With regard to the amount of pension payable, a war widow who is aged 70 or over and whose late husband left service before the advent of the Armed Forces Pension Scheme on 31 March 1973 receives a tax-free war widow's pension of £175.37 a week. At age 80, this increases to £185.37 a week. If she is

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entitled to a state retirement pension based on her own national insurance contributions, this is payable on top of the war widow's pension. A pension and lump sum was also payable under Armed Forces occupational scheme arrangements provided that certain qualifying criteria were met. A minimum period of service by the spouse of 12 years (other rank) or 10 years (officer) was required for eligibility for a widow's pension though a gratuity was payable below this. The value of the payment depended on a number of factors, notably rank.

Lord Morris of Manchester asked Her Majesty's Government:

    What benefits are payable to war widows aged 70 or over who are:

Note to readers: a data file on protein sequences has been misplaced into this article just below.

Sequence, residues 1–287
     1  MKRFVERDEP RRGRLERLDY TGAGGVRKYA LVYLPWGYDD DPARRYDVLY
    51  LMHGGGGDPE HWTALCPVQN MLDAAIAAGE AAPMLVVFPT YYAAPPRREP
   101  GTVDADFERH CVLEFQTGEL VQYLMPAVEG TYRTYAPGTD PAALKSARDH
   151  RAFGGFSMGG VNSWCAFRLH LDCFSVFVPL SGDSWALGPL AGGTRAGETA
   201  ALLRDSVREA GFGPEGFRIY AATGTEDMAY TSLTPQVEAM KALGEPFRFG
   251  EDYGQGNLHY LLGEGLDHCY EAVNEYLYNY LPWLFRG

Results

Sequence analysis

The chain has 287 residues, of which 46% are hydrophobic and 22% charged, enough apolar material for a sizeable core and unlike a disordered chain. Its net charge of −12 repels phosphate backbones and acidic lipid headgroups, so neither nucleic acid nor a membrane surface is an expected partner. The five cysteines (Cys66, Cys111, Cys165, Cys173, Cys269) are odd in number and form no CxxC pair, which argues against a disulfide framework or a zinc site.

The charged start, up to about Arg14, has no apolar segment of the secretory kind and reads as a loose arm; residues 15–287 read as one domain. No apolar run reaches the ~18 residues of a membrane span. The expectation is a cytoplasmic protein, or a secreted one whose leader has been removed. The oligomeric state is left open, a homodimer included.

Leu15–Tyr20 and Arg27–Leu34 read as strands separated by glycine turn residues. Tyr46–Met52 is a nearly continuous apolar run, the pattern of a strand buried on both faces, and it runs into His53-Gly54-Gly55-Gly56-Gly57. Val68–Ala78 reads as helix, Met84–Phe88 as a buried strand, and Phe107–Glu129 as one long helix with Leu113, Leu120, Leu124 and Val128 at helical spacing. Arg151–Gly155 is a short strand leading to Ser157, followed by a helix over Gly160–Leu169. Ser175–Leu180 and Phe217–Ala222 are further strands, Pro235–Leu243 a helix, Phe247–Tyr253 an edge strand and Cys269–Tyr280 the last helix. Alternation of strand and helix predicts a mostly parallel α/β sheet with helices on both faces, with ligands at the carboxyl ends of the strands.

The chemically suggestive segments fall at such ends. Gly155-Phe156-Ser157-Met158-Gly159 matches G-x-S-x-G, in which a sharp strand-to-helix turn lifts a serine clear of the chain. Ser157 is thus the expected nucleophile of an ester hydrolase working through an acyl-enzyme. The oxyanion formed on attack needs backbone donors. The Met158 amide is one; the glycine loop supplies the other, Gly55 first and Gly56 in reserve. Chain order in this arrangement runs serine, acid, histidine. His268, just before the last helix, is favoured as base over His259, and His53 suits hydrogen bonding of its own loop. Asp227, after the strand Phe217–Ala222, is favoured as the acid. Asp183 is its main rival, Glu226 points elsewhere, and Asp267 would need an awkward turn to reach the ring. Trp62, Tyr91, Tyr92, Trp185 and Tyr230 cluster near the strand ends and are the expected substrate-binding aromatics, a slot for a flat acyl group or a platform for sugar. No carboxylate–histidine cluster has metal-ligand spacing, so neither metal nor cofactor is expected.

(a) pre-1973 war widows with their own state retirement pension;


    (b) pre-1973 war widows without their own state retirement pension;


    (c) post-1973 war widows with their own state retirement pension; and


    (d) post-1973 war widows without their own state retirement pension.[HL5271]

Lord Bach: A war widow aged 70 whose husband's military service ceased before 31 March 1973 receives a tax-free war widow's pension of over £175 per week, rising to over £185 per week at age 80. A pension and lump sum may also be payable under Armed Forces occupational scheme arrangements provided that certain qualifying criteria were met. Notably, a minimum period of service by the husband of 12 years (other rank) or 10 years (officer) was required for eligibility for a widow's pension, though a gratuity was payable below this. The value of the payment depended on a number of factors, notably rank.